Dining Review: Nimble Shared Plates And Silky Sake At Yami-Ichi Izakaya
One of the great pleasures of eating in Japan is having the opportunity to watch a seasoned chef create soba noodles from scratch. The process is hypnotic, ritualistic, and ensconced in rich history.
Such are the detailed dishes served at Yami-Ichi Noodle Izakaya (206 Garfield Place near 7th Avenue), a Japanese “gastropub” which had its soft opening back in March. The restaurant serves tapas-style plates and boasts a broad selection of sake, Japanese beer, and whiskies.
While there are many types of Japanese restaurants, spanning form the relatively common sushi and sashimi establishments, to yakitoris and steakhouses, the izakaya focuses on “Japanese pub” food, and are rather common in Japan. However, Yami-Ichi feels more high-brow than what the term “pub” means to us — the dishes are nimble, customized, and curated.
The restaurant’s design is rich in various wood shades, and features an outdoor dining space as well. And while there is a crisp, contemporary feel to the place, the culinary experience dates back to the 1950s.
At the end of World War II, Japan began re-building its economy through “black market” trade, or “Yami-Ichi.” Chef Yoshi Haramoto began making soba and udon in his mother’s Tokyo restaurant roughly 40 years ago. The approach to this new neighborhood addition grew out of the traditional family dishes.
As particular as the dishes may be, the menu is expansive, providing a rather large vocabulary for Haramoto to work with.
Otsumami (appetizers) feature Hiyayakko (cold tofu with bonito flakes and scallion), shishito peppers, and Tsukemono (Japanese pickles).
The seafood selections are diverse, including Tako Wasabi (raw octopus in wasabi sauce), Ika Gesso (grilled calamari in ginger sauce), and Shime-Saba (marinated mackerel).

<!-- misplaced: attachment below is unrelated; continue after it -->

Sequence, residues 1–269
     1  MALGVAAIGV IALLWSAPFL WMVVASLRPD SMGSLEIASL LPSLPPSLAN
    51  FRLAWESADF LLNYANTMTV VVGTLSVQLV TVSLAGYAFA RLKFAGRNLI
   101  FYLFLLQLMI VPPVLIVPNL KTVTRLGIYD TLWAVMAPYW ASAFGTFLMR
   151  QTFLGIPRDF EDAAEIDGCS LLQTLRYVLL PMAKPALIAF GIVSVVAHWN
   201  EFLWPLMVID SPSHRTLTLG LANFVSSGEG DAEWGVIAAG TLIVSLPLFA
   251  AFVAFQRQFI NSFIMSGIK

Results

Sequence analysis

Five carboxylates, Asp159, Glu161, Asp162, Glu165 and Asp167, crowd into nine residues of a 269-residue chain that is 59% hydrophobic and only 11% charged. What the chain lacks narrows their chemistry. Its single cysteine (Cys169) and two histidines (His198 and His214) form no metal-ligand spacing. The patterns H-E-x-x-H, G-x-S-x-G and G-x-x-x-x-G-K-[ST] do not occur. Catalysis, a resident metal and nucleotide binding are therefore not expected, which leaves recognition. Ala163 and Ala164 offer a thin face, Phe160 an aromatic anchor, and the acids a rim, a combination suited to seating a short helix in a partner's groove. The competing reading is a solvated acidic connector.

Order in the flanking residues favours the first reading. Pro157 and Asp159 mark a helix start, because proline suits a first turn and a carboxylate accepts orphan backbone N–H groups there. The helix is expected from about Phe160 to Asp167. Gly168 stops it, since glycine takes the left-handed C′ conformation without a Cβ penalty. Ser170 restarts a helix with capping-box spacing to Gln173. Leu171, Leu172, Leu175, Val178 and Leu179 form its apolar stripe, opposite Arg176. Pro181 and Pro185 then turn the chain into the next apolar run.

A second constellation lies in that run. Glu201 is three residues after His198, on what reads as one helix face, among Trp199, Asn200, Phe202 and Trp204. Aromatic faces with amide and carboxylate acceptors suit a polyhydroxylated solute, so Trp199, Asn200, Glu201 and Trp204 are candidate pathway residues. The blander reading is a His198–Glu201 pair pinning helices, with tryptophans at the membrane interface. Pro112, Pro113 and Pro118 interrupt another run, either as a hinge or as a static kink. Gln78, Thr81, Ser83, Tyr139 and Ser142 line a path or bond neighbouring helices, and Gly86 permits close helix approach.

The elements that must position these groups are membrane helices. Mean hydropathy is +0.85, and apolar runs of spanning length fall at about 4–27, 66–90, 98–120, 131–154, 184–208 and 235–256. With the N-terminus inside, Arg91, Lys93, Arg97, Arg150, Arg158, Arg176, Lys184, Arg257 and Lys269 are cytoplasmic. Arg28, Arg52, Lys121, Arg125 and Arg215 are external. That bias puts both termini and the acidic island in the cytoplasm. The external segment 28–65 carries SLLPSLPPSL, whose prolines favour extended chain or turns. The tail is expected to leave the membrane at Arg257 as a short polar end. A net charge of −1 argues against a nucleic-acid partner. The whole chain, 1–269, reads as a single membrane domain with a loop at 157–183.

In addition to a selection of soba and udon, there is a curated menu of sushi and sashimi.
The Hiyayakko ($7) is subtle, soft, and pleasing — serving as a wonderful counterpoint to the Shishito Peppers ($8). While there isn’t a “shishito pepper science” which I’ve come across, I usually expect one super spicy pepper per order. I’d say four out of ten were deliciously spicy, complimented by the sea salt.
Ordering at Yami-Ichi may be new territory for some. Never fear — the staff will help you select a combination of dishes — because it’s all about sharing at this establishment.
Other highlights include the excellent Gindara, a grilled marinated black cod (a bit steep at $17) and the Tako-su, a sliced octopus ($8) which is subtly sweetened with vinegar.
The sake selection may also be a bit overwhelming, but once again, let the staff help you out if you’re a newbie. The chilled “Drunken Whale” Suigei sake ($11 for 6 oz.) comes from Kuchi, Japan, and is extremely clean and silky. This sake is known to complement a variety of different meals, so it’s an excellent place to start.
We had our 2-year-old son with us, who enjoyed the little tray with utensils the staff gave to him. It kept him rather busy as he feasted on edamame and rice.
The menu is far too expansive to review all the selections. (Well, I suppose I could have invited all of our readers). But from the cross-section of dishes we sampled, Yami-Ichi serves an array of thoughtful dishes.
Keep in mind these are small dishes, unlike the mass quantities of sushi or tempura that are served elsewhere. This establishment is subtle, nimble, and certainly a welcomed addition to the neighborhood.
The Dining Rundown: Yami-Ichi Noodle Izakaya
Where: 206 Garfield Place (near 7th Avenue)
Hours: Mondays-Fridays, 5pm-10:30pm; Saturdays and Sundays, 12:00pm-2:30 and 5pm-10:30pm. Happy Hour takes place Mondays-Fridays from 5pm-7pm and 9pm-10pm. $4 Japanese beers and $4 small bites are available.
Kid Friendly? Yes, they’ll be just fine. Highchairs available for toddlers.
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